During the first Rubashkin scandal, people wondered how the USDA could have allowed ripping out the throats of live cattle with a meat hook.
Here's the answer.
I exclusively reported in December 2004 that Orthodox rabbis, kosher supervision agencies and kosher industry mouthpiece (and paid Agriprocessors' consultant) Menachem Lubinsky – led by Agudath Israel of America – met with senior USDA officials in Washington on October 23, 2003, one year before the PETA videos documenting graphic, horrific animal abuse at Agriprocessors were made public. In this meeting, the rabbis claimed USDA directives outlawing "sawing" by the religious slaughters would be wrongly used to stop all kosher slaughter.
The rabbis asked for the directives to be reworded. The USDA agreed. Ann Veneman, a former food industry lobbyist who was appointed Secretary of Agriculture by George Bush, is thought to have participated in that meeting and to have approved the rewording.
The new directive was written with close participation of Agudath Israel of America and its supporter, Nathan Lewin, a noted constitutional lawyer. Lewin was also Agriprocessors' (the Rubashkin family's) attorney.
(Both the original and the new directives are found at the end of this post.)
The new directive made it nearly impossible for a USDA line inspector to stop a kosher slaughter line and created the horrors seen in the above videos.
The latest food safety crisis (tomatoes) has brought intense media scrutiny to the Bush Administration's enforcement of food safety regulations and its ability to do what is necessary to ensure the safety of our food supply.
Paul Krugman lays out the history of the problem in the New York Times:
…Hard-core American conservatives have long idealized the Gilded Age, regarding everything that followed — not just the New Deal, but even the Progressive Era — as a great diversion from the true path of capitalism.
Thus, when Grover Norquist, the anti-tax advocate, was asked about his ultimate goal, he replied that he wanted a restoration of the way America was “up until Teddy Roosevelt, when the socialists took over. The income tax, the death tax, regulation, all that.”
The late Milton Friedman agreed, calling for the abolition of the Food and Drug Administration. It was unnecessary, he argued: private companies would avoid taking risks with public health to safeguard their reputations and to avoid damaging class-action lawsuits. (Friedman, unlike almost every other conservative I can think of, viewed lawyers as the guardians of free-market capitalism.)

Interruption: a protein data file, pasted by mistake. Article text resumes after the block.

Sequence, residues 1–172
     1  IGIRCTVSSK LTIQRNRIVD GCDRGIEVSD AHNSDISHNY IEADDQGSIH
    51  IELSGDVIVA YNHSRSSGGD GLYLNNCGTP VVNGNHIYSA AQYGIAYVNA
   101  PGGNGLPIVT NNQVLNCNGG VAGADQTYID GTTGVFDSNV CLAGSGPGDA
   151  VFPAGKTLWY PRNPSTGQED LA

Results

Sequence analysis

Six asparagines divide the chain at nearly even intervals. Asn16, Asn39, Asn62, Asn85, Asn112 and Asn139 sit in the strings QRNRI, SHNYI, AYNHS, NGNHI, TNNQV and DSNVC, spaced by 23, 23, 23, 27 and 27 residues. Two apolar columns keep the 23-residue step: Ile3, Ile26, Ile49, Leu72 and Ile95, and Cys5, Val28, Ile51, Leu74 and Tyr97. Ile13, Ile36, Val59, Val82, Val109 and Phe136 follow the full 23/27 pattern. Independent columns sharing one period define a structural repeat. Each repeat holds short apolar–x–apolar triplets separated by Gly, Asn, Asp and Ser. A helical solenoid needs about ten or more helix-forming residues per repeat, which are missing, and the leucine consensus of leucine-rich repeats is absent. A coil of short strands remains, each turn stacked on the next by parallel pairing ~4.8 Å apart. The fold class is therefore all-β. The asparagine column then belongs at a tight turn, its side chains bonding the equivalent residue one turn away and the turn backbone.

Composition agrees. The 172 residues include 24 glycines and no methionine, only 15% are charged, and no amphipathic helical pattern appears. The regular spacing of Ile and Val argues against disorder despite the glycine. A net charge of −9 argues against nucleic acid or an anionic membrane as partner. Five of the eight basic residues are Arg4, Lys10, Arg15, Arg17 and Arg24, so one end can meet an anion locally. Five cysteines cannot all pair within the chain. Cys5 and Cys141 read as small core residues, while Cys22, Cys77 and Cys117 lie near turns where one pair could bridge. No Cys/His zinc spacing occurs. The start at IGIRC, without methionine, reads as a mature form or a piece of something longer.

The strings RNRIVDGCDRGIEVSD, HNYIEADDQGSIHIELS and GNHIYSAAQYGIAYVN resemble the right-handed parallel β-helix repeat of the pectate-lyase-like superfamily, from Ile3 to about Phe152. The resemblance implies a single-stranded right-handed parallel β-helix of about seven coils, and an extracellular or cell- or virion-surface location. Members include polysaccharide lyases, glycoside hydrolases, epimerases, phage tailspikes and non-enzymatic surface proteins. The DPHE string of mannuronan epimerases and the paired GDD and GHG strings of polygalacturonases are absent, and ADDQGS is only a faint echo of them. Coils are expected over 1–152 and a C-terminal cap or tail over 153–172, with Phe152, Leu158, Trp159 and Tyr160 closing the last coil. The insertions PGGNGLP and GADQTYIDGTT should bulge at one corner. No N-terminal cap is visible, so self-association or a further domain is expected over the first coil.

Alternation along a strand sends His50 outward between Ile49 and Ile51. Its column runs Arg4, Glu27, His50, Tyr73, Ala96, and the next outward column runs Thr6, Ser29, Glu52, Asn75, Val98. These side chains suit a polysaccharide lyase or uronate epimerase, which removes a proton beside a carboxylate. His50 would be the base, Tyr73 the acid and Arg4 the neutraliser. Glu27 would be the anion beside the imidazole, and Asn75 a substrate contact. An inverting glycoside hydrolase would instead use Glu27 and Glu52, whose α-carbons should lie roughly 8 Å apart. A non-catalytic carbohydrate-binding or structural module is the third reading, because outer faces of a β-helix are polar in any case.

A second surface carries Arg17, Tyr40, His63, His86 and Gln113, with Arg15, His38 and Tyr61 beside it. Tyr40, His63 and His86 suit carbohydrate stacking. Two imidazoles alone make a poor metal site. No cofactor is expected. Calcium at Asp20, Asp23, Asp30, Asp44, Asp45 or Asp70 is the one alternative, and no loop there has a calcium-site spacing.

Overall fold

Such hard-core opponents of regulation were once part of the political fringe, but with the rise of modern movement conservatism they moved into the corridors of power. They never had enough votes to abolish the F.D.A. or eliminate meat inspections, but they could and did set about making the agencies charged with ensuring food safety ineffective.
They did this in part by simply denying these agencies enough resources to do the job. For example, the work of the F.D.A. has become vastly more complex over time thanks to the combination of scientific advances and globalization. Yet the agency has a substantially smaller work force now than it did in 1994, the year Republicans took over Congress.
Perhaps even more important, however, was the systematic appointment of foxes to guard henhouses.
Thus, when mad cow disease was detected in the U.S. in 2003, the Department of Agriculture was headed by Ann M. Veneman, a former food-industry lobbyist. And the department’s response to the crisis — which amounted to consistently downplaying the threat and rejecting calls for more extensive testing — seemed driven by the industry’s agenda.
One amazing decision came in 2004, when a Kansas producer asked for permission to test its own cows, so that it could resume exports to Japan. You might have expected the Bush administration to applaud this example of self-regulation. But permission was denied, because other beef producers feared consumer demands that they follow suit.
When push comes to shove, it seems, the imperatives of crony capitalism trump professed faith in free markets.…
The Rubashkin family are very heavy Republican supporters who contribute large sums of money to Republican campaigns. The family had an "amazing decision" made on its behalf when the rabbis and consultants in its employ helped to rewrite USDA Humane Slaughter directives to allow a brutal procedure – throat-ripping with a meat hook. Throat-ripping was done to reduce blood splash in the meat, an unwanted byproduct of Rubashkin's unusual slaughter methods that greatly reduced the value of his meat on the non-kosher market. It was not a part of shechita (ritual slaughter) and therefore should have been illegal.
I believe Bush Administration corruption and cronyism are at the heart of the Rubashkin scandals. Haredi bloc votes and bundled cash go a long way.
Perhaps one day soon more information will come out, enough to say without question that the Rubashkins' money bought our rabbis – and our rabbis and the Rubashkins bought the Republicans.
[Hat Tip for the Abramoff article: Yisroel-by-the-Bay]